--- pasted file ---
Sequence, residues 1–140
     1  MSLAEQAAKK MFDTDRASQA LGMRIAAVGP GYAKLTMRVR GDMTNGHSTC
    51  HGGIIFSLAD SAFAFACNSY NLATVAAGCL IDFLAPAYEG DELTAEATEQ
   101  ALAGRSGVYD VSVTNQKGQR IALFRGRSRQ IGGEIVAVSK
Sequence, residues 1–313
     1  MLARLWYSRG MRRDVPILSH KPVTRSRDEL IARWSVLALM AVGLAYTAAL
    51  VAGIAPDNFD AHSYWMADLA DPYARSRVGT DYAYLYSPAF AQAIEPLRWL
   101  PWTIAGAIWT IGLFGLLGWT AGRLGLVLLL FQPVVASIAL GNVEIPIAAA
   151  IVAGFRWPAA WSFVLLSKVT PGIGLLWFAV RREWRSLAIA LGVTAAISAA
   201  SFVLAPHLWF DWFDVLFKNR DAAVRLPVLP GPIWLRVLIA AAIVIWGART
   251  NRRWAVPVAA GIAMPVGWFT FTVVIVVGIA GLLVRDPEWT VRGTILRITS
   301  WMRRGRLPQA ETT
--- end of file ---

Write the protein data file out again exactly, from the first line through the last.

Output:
Sequence, residues 1–140
     1  MSLAEQAAKK MFDTDRASQA LGMRIAAVGP GYAKLTMRVR GDMTNGHSTC
    51  HGGIIFSLAD SAFAFACNSY NLATVAAGCL IDFLAPAYEG DELTAEATEQ
   101  ALAGRSGVYD VSVTNQKGQR IALFRGRSRQ IGGEIVAVSK
Sequence, residues 1–313
     1  MLARLWYSRG MRRDVPILSH KPVTRSRDEL IARWSVLALM AVGLAYTAAL
    51  VAGIAPDNFD AHSYWMADLA DPYARSRVGT DYAYLYSPAF AQAIEPLRWL
   101  PWTIAGAIWT IGLFGLLGWT AGRLGLVLLL FQPVVASIAL GNVEIPIAAA
   151  IVAGFRWPAA WSFVLLSKVT PGIGLLWFAV RREWRSLAIA LGVTAAISAA
   201  SFVLAPHLWF DWFDVLFKNR DAAVRLPVLP GPIWLRVLIA AAIVIWGART
   251  NRRWAVPVAA GIAMPVGWFT FTVVIVVGIA GLLVRDPEWT VRGTILRITS
   301  WMRRGRLPQA ETT